Friday, February 08, 2008


It was nice knowing you Jack. Over the last few days the blogosphere has mourned the betrayal of 24 by its new hand-wringing writers. Dirty Harry for one, is not amused with the news that next season’s Jack Bauer will be guilt-ridden by his past zealous prosecution of the war on terror, possibly even digging ditches in Africa as penance. Hello shark.

Hollywood does not get it. America wants heroes to kill the bad guys before they kill us. Many comic book writers do not seem to get it either. At a time when America faces a grave threat from Islamist terrorism, Marvel Comics decided to off Captain America. It sounds like he was dying a slow death anyway, with the final storyline for the Steve Rogers’ Cap fighting more against the American government and its fictional policy requiring the public identification and registration of superheroes.

Marvel has already announced a new Captain will rise again, but based on their polemical plot points in the past, it is hard to muster much enthusiasm. There is however, a new updated Captain America surrogate for the War on Terror. His name is Matamoros. Sgt. Chuck Sobietti was seriously wounded in Iraq, but is reconstructed by the Army’s experimental medical treatments, which seem to give him heightened physical abilities, much like the late Captain (whose comic death they directly reference).

In true government fashion, once the army rebuilds him, they thank him for his service, sending him back to civilian life. In the first issue, he uncovers a terrorist ring and takes care of business. Matamoros, so-dubbed by a fuming civil liberties attorney after Santiago Matamoros (St. James the Moor-Slayer), is not about to dig ditches. Written by Sleet and Darius Lamonica and illustrated by John Cox of Cox & Forkum fame, it is definitely not politically correct, but it might become the only outlet to get your Bauer on.

Frustratingly, there are very few graphic novel depictions of the courageous service of our troops in Iraq. Yet depicting heroism is what comics have always historically done. Naturally, there have been several anti-Iraqi Freedom comics published. Several came from companies affiliated with my publishing house, so I can not discuss them even if I wanted to (thank you conflict of interest).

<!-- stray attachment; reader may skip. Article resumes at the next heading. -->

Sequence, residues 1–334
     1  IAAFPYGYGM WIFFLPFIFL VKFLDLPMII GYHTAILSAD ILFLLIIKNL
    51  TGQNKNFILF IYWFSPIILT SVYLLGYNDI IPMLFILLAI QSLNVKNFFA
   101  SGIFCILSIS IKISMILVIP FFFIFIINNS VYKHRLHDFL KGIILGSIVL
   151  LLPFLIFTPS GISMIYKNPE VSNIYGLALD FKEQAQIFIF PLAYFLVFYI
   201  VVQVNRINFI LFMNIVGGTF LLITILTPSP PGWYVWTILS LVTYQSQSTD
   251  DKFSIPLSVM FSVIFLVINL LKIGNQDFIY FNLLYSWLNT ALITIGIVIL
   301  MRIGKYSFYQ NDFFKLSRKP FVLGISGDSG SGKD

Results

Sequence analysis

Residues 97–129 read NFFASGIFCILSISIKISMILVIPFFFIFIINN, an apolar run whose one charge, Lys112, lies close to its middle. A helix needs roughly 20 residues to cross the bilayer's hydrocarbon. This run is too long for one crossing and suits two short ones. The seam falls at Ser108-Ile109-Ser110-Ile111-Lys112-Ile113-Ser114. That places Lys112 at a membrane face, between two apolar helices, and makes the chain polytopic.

There has been one notable exception: Combat Zone: True Tales of GIs in Iraq. Written by former embedded journalist and AEI scholar Karl Zinsmeister, and published back in 2005 by—give them due credit—Marvel Comics, Zone depicts the on the ground realities of Operation Iraqi Freedom.

Throughout Zone, the American forces take great pains to avoid civilian casualties. The Fedayeen though, have no such scruples. Col. Kirkwood tells his men:

“We’ve all seen things here we never thought we’d see in our lives. Gunmen dragging women and children by the hair, using them as human shields. Shooters attacking us from hospital windows, with patients lying in beds next to them.” (p. 95)

While the names have been fictionalized in Zone, the heroism is real. It is much more compelling than the standard fare coming from both Hollywood and graphic novel publishers. Zinsmeister is now with the administration, making a sequel to Zone unlikely, but at least we can presumably look forward to the next installment from Matamoros.